Although currently harbouring one of the lowest uptakes of internet service connection in the whole world, communications technology across the African continent is also one of the fastest growing. Whilst many commentators have advocated the advantages of ‘leap-frogging’ more traditional fixed infrastructure networks in favour of mobile internet connections, fixed broadband in Africa is undoubtedly benefitting from increasingly better quality and investment. However, a population penetration rate of at least 20% is suggested before the social and economic advantages of a widespread internet connection can be realised. Clearly large investment into the African communications infrastructure needs to occur before widespread connectivity benefits an equally widespread population.
Fixed broadband is defined as the delivery of an Internet IP bandwidth, and the content, services and applications inherent to the connection which consumer the bandwidth. For fixed broadband to function effectively, it must be supported by a high capacity transmission ‘backbone’ network capable of delivering bandwidth through which connection can be accessed. With Africa’s entire international Internet bandwidth supplied either by satellite, via submarine cable or through terrestrial networks connected to submarine cables, a way must be found to harness and distribute this internet capacity. Governmental regimes, cross-regional organisations and local regional companies are all behind developing shared infrastructure, overhead cabling and reduced wholesale pricing to facilitate this absorption. Currently, however, most internet access in Africa is concentrated in bigger, more international economies such as Morocco, Egypt, and South Africa: and smaller, tourist-oriented islands such as the Seychelles and Mauritius.Africa Fixed Broadband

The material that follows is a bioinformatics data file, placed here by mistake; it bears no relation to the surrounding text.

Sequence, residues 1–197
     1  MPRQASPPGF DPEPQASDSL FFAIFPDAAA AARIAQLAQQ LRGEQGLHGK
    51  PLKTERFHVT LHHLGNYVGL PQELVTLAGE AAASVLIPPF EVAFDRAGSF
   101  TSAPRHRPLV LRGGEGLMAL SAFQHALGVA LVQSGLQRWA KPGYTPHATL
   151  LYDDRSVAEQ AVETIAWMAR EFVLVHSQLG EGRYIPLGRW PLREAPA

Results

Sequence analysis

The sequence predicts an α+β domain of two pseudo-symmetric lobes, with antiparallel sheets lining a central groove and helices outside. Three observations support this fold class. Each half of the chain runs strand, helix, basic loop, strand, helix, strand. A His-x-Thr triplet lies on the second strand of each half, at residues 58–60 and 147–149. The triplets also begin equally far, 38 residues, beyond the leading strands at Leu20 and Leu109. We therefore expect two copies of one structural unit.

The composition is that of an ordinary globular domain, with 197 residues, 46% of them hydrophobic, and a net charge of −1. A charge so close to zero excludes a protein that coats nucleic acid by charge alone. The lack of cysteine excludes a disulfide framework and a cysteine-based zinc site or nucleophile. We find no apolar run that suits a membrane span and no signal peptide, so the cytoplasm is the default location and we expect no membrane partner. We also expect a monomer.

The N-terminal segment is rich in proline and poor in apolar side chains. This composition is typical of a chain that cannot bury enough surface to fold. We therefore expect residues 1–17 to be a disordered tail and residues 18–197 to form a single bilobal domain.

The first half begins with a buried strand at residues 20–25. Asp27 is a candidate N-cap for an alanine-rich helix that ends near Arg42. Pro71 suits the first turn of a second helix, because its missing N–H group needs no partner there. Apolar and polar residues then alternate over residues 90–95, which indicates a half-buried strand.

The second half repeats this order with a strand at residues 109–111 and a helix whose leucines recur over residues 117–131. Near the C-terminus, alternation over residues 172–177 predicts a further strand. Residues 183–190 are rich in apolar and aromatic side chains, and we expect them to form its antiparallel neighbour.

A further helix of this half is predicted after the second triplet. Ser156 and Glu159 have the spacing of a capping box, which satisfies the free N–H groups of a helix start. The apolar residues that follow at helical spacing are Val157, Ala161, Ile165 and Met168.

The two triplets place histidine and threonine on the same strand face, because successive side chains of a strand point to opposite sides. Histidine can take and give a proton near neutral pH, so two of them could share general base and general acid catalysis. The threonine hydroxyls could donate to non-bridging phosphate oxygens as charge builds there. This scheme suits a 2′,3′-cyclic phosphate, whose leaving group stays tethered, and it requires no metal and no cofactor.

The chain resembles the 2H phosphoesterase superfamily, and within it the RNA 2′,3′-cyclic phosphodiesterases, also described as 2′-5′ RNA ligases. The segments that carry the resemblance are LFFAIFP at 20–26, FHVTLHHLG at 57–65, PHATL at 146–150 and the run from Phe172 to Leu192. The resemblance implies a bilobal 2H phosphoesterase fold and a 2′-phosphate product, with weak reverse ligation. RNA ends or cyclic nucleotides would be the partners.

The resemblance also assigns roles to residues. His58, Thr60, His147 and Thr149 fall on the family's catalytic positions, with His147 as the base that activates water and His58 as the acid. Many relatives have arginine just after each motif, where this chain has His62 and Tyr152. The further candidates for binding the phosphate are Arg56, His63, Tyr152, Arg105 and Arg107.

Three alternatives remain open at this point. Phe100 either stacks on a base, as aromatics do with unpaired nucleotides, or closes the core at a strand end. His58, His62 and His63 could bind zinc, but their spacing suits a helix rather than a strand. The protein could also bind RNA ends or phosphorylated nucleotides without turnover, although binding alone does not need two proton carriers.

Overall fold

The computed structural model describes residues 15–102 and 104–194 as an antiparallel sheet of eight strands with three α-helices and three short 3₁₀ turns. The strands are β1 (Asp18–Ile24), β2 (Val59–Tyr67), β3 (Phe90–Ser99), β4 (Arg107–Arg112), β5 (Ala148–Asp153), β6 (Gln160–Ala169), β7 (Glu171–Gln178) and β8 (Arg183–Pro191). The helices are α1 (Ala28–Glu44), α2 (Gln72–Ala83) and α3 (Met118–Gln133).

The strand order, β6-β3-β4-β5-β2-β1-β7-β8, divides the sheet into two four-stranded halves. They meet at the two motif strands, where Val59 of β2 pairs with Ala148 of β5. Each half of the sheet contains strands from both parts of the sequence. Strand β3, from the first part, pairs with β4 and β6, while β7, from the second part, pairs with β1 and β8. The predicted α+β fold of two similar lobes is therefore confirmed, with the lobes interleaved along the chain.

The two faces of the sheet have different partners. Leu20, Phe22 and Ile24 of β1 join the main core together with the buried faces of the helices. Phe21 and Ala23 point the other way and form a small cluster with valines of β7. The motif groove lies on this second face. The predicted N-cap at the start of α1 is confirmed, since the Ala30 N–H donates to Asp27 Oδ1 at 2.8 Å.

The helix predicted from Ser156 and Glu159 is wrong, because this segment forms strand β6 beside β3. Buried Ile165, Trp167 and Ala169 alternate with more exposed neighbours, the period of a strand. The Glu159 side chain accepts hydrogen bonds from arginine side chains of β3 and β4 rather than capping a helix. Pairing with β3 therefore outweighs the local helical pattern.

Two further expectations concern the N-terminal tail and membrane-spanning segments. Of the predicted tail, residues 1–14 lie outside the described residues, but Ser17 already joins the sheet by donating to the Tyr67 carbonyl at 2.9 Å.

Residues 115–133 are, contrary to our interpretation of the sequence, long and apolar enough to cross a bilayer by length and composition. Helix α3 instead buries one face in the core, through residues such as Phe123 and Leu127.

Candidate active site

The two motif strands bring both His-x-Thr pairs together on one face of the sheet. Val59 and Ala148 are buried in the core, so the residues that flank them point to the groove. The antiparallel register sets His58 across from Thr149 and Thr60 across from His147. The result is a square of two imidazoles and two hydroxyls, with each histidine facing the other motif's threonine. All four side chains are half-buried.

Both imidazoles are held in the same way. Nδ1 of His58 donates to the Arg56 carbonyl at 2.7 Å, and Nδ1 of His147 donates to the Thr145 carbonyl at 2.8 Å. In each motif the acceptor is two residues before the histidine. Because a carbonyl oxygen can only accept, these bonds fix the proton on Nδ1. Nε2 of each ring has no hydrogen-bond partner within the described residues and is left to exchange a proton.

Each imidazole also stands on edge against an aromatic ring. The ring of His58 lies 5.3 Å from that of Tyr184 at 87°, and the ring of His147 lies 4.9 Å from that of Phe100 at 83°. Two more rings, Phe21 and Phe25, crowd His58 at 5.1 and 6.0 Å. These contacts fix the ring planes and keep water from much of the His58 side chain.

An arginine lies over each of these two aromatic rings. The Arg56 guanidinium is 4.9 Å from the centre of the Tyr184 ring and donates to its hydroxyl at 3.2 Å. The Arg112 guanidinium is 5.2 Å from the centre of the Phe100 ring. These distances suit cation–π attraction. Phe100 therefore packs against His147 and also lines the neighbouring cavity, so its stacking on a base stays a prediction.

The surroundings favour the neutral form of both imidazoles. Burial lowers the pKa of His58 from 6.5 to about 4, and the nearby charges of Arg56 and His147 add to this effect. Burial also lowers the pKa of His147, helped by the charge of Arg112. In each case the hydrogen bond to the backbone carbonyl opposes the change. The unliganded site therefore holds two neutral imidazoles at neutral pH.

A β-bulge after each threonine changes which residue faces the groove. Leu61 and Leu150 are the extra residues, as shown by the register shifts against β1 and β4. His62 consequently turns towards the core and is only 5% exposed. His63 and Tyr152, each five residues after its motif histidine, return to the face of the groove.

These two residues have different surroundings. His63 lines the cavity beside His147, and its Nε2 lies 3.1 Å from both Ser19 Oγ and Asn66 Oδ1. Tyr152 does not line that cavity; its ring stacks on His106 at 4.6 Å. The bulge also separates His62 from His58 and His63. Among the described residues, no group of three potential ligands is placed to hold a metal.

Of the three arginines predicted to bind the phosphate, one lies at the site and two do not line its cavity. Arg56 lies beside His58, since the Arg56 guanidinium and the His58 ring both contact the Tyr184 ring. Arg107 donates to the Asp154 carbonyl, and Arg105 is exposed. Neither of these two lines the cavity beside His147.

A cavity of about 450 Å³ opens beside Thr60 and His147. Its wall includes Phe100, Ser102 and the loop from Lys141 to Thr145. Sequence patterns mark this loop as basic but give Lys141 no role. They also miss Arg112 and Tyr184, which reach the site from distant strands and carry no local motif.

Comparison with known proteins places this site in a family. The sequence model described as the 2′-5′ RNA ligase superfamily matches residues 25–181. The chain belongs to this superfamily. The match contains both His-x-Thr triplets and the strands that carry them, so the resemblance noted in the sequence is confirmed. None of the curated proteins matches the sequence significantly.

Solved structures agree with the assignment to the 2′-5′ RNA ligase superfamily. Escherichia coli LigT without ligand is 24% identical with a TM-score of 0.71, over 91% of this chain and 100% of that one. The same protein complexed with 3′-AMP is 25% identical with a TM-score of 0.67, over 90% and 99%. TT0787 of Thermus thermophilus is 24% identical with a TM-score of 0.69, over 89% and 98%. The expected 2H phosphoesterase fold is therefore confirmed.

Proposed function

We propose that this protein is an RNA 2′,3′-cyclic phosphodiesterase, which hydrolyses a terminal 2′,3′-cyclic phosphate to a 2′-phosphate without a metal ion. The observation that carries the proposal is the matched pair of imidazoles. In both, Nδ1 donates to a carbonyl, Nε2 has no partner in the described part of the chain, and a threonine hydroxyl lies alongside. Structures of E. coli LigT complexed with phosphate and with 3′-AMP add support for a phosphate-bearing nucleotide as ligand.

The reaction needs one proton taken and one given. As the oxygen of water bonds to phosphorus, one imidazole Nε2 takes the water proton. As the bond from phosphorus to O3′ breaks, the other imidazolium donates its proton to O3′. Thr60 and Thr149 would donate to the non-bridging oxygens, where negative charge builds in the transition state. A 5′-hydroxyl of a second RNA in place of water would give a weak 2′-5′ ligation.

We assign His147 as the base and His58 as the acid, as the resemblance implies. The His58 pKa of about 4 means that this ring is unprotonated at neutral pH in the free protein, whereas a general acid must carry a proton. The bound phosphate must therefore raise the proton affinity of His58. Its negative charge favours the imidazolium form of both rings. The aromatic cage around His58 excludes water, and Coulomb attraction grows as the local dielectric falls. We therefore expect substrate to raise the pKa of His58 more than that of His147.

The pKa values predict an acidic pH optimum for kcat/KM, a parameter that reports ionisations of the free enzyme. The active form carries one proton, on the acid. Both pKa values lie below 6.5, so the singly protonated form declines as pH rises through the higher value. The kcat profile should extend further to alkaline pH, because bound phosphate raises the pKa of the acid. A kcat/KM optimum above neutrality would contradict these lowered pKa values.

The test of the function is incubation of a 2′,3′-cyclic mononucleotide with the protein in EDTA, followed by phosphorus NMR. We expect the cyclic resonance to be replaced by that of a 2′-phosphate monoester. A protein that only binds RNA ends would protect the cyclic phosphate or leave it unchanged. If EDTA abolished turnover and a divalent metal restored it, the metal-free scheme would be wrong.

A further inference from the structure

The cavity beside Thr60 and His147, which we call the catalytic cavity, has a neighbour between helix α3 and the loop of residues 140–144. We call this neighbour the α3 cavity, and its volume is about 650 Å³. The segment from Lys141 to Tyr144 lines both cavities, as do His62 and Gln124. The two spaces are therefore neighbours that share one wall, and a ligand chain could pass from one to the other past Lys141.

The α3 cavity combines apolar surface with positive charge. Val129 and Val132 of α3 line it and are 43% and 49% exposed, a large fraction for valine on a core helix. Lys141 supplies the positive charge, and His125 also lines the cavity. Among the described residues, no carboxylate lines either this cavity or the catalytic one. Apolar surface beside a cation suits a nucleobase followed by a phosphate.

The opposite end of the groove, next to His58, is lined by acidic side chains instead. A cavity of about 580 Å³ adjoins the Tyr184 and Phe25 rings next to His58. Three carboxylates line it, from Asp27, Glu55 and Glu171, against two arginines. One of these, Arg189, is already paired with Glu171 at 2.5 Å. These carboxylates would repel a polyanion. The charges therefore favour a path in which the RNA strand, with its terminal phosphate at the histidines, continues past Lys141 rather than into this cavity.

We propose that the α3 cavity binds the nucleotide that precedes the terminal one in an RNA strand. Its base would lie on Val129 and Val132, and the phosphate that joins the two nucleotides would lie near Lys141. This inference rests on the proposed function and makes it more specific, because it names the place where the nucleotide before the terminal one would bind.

East Africa was the last major region globally to gain access to fibre-optic broadband enabled Internet connection in 2009; South Africa has recently been in the news for its infamously slow internet connectivity. Sub-Saharan Africa currently enjoy around a 75% penetration rate in terms of voice servers: but regarding connectivity the region lags behind the rest of the developed and developing world. Despite regions and countries enforcing programmes to encourage the development of bandwidth availability and increasing connection cables in a wider non-urban area, by mid-2015 only around 8% of the bandwidth being generated was being utilised effectively.
Recently MainOne, a ‘telecom services and network solutions’ provider based in Nigeria, have invested over $300 million (USD – equivalent to approx. 60Bn Nigerian Naira) in fixed broadband infrastructure networks based in and around West Africa. The aim of this unprecedented technological investment is to improve accessibility of fixed broadband across West Africa, with the 7000km submarine cable stretching from Europe established as an attempt to bridge the ‘digital divide’ between West Africa and the rest of the world.
MainOne, who began as a submarine cable operating company but are now a full-service business-to-business communications service provider, aim to become the dominant provider of wholesale internet services in West Africa. With an already-established seven receptor countries and over 500 telecom operators, MainOne are hoping that broadband infrastructure remains a top priority for the continent.